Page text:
Albania flag Albania: Investing in Albania

Foreign direct investment (FDI) in Albania

FDI in Figures

FDI flows towards Albania have been rising steadily since the early 2000s, averaging above USD 1 billion per year for the period 2008-2020. According to UNCTAD’s 2022 World Investment Report, FDI inflows amounted to USD 1.2 billion in 2021, marking an 11.3% year-on-year increase and returning close to the pre-pandemic level. In the same year, the stock of FDI reached USD 10 billion, around 55% of GDP. Foreign investments are essentially directed towards the extractive industries, the energy sector, banking and insurance, information and communication technology, and real estate (U.S. Department of State). Data from the Central Bank shows that in the first three quarters of 2022 FDI flows totalled EUR 984 million, with the Netherlands (EUR 147 million), Italy (EUR 98 million) and Germany (EUR 75 million) as the main investing countries. In terms of stocks, Switzerland has the highest share, followed by the Netherlands, Canada, and Italy.

Albania has set up reforms to boost FDI. The state has adopted a tax reform that is advantageous to foreign investors and aims at reducing corruption and administrative difficulties that can be discouraging to investors. The long-winded procedures to obtain operating licences in the trade, construction and tourism industries have slowed down investment progress. A lack of transparency in public procurement and poor enforcement of contracts also hinder FDIs to Albania. In addition, investments continue to suffer from the lack of infrastructure and poorly defined property law; and property rights continue to be a challenge because a clear title is difficult to obtain. The country declared to target foreign investment in the following sectors: energy and mining, transport, telecommunications, infrastructure and urban waste, tourism, agriculture and fisheries. Foreign investors can fully own local companies, except in certain sensitive sectors such as domestic and international air passenger transport and television broadcasting. Albania currently lacks an investment-review mechanism for inbound FDI. The country ranks 84th out of 132 in the 2022 Global Innovation Index and 101st out of 180 in the Corruption Perception Index.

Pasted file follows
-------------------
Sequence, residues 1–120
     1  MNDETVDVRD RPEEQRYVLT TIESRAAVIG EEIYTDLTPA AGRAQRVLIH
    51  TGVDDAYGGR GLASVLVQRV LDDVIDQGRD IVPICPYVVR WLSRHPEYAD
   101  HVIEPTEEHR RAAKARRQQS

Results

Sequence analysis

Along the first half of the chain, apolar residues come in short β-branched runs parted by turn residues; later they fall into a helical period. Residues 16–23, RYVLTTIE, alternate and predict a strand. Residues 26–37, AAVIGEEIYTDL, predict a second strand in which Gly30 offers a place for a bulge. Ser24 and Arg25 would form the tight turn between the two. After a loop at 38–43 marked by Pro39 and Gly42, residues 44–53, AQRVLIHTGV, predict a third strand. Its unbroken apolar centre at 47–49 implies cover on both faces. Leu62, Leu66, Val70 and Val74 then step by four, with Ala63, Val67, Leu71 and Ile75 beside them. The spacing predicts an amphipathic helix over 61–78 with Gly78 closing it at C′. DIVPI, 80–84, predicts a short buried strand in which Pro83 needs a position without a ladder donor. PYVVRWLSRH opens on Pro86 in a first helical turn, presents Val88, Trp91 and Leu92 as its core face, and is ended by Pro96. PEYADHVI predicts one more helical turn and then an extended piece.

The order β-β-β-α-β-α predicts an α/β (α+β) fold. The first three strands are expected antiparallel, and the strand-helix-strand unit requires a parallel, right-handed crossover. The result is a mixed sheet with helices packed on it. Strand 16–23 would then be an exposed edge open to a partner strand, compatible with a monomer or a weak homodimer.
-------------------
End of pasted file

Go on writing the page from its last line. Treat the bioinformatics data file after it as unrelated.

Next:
Foreign Direct Investment 202020212022